Sensitised to the evils of colonialism, and now "fully aware of the existence of the working classes", Blair was on his way to forming what he called a "political orientation". 

He changed his name to George Orwell when he published "Down and Out in Paris and London" in 1933, but he still hadn't identified where he stood politically. Then in 1936, he declared that he was "Against totalitarianism and for democratic socialism, as i understand it."

Democratic Socialism basically uses democratic means to create a political and economic structure that supports socialist goals (you know, things like a social safety net, and universal healthcare).

You might think of it as a rejection of unfettered capitalism, Orwell found the "real nature of capitalist society" abhorrent, because, as he wrote, "I have seen British imperialism at work in Burma, and I have seen something of the effects of poverty and unemployment in Britain...
One has got to be actively a socialist, not merely sympathetic to socialism, or one plays to the hands of our always active enemies."

At the same time, Orwell was strongly opposed to Stalin, ad the totalitarian strains of communism. For instance, in 1936, when he went to fight the fascist leader Fransisco Franco, he joined the Marxist group POUM. He didn't join the main communist party.

In homage to Catalonia, he explained "the communists stood not upon the extreme left but on the extreme right. In reality, this should come as no surprise, because of the tactics of the communist parties elsewhere."

These tactics, as seen in the USSR, included the conscious use of propaganda, the repression of individual freedoms, and also state-sponsored murder.

But the point I want to make is that it's not quite accurate for either the contemporary left or right to claim Orwell. He most famous novels are anti-communist, but they're also anti-capitalist. Mostly, they seek to show the ways that many government structures are prone to totalitarianism, and they chary the slow almost unnoticeable descent into that totalitarianism.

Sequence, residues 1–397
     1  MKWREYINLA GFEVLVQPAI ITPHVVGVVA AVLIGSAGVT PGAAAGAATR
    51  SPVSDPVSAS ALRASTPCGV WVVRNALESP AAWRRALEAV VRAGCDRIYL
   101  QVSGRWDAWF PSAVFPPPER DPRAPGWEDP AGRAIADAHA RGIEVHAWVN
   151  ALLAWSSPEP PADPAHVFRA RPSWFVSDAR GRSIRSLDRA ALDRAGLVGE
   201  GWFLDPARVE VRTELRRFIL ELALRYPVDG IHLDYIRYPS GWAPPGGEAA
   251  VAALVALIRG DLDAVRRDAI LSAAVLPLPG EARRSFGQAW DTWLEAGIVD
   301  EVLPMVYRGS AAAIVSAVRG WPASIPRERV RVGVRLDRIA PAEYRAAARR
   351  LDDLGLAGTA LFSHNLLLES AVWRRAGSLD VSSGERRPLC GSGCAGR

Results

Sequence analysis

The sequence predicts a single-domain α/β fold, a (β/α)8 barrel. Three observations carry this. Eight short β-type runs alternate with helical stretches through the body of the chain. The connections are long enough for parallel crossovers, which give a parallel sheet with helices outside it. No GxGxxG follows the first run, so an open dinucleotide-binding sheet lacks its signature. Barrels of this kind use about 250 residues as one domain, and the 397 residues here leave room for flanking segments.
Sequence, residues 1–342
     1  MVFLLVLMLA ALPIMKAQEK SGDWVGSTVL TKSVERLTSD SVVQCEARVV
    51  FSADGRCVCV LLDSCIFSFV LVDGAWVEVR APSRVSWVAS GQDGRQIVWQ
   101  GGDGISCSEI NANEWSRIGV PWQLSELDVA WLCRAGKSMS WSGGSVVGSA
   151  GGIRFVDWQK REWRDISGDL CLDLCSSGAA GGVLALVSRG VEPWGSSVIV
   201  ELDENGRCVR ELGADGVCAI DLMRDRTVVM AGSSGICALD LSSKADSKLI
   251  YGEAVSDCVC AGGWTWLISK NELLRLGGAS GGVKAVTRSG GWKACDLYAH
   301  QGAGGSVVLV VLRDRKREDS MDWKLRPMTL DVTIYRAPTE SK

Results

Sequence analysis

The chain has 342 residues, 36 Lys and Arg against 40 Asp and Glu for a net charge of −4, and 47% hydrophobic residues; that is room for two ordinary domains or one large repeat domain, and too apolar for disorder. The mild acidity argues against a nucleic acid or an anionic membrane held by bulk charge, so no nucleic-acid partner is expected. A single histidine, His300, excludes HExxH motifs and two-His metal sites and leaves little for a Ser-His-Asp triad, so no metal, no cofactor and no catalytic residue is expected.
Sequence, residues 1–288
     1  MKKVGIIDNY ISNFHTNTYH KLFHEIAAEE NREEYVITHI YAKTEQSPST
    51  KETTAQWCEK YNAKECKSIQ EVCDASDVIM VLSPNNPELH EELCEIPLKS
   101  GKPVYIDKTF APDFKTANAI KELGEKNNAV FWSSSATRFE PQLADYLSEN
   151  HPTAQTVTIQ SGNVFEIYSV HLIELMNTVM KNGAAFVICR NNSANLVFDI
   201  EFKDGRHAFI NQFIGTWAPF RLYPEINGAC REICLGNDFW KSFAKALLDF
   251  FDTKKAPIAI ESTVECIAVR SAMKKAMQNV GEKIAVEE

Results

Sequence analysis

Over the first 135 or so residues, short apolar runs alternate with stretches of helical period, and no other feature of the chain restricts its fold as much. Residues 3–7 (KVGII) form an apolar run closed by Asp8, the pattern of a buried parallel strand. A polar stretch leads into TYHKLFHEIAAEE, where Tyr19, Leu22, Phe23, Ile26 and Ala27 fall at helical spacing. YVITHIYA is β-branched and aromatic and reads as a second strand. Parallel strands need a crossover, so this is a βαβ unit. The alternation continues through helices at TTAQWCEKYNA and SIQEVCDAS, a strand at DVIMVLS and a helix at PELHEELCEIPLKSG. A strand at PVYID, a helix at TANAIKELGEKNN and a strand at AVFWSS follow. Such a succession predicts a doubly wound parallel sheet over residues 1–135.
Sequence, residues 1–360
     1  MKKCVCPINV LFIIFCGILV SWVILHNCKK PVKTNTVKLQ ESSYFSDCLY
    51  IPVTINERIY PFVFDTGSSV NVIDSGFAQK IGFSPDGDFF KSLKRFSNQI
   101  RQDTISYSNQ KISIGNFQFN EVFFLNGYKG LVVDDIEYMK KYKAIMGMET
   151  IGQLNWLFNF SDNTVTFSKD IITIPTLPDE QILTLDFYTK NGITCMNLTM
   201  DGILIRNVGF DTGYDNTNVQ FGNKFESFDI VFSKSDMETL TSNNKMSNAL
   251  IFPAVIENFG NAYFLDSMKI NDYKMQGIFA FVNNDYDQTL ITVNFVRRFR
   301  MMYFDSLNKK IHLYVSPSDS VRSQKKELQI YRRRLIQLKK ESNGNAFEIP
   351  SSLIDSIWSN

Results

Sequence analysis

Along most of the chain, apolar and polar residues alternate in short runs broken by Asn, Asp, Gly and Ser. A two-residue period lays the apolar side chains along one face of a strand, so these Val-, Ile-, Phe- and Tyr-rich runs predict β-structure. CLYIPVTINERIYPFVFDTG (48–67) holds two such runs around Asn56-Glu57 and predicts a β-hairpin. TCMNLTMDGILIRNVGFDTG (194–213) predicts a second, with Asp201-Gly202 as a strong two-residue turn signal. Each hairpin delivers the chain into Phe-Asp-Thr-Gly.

But in 1984 specifically, Orwell explores the difficulty of retaining individual freedom within the confines of an oppressive society. In the book, the Earth has been divided in three zones - Oceania, Eurasia and Eastasia- which are constantly at war with one another.

And Winston lives in London, the main city of Airstrip One, which is a province of Oceania. He's legally married to the stiff, brainwashed and desireless Katherine. They are unable to produce children, and live separately, but they are forbidden from remarrying.

Winston's primary pleasures include scratching a varicose ulcer above his right ankle, drinking shots of a "sickly, oily" Victory Gin (which provides "the sensation of being hit on the back of the head with a rubber club") and writing in a "thick, quarto-sized blank book with a red back and a marbled cover".

So you know, his pleasures are scant. Any life where one of the chief pleasures is scratching an actual, physical itch is not, like, a great life. I mean, it's a good life for a dog, but it's not a great life for a person. 

But then, Winston's pleasures, and also his anxieties, experience a significant uptick when he begins an affair with the young, vital and beautiful Julia. Despite being "ten, fifteen years younger", Julia boldly declares her love for Winston. And Winston is a little incredulous, he says "I'm thirty-nine years old. I've got a wife that I can't get rid of. I've got varicose veins. I've got five false teeth."

And the reader may have some doubts as well. I mean, when Julia replies "I couldn't care less", Orwell seems to be acknowledging (but not apologizing for) this particular breed of middle-aged male fantasy. But you know, it's also a romance that serves a plot.

So, Winston and Julia meets secretly for months. They rent rooms from an antiques dealer named Mr Carrington in the plebeian quarter of London. They confess their affair and anti-party beliefs to O'Brien, a member of the Inner Party who seems to be sympathetic to their cause, and they begin reading a book, which is allegedly written by the underground resistance leader Emmanuel Goldstein.

They know that they'll be discovered, and tortured and (very probably) executed. Their victories -and they do have some- come from tiny moments of consciousness, and human connection, and personal freedom. And these moments are tiny.

For Winston, some of them include procuring a pen with a real nib "simply because of a feeling that the beautiful, creamy paper deserves to be written on." I mean, we're not talking about proper Freedom of Speech, we're talking about succumbing to the "balminess of the April air", "to stroll through the labyrinth of London".

Winston also purchases a glass paperweight containing coral, and all of this leads to a cool point: despite the authoritarian nature of Ingsoc (the perversion of socialism that dominates Oceania), moments of personal freedom like these are commonplace.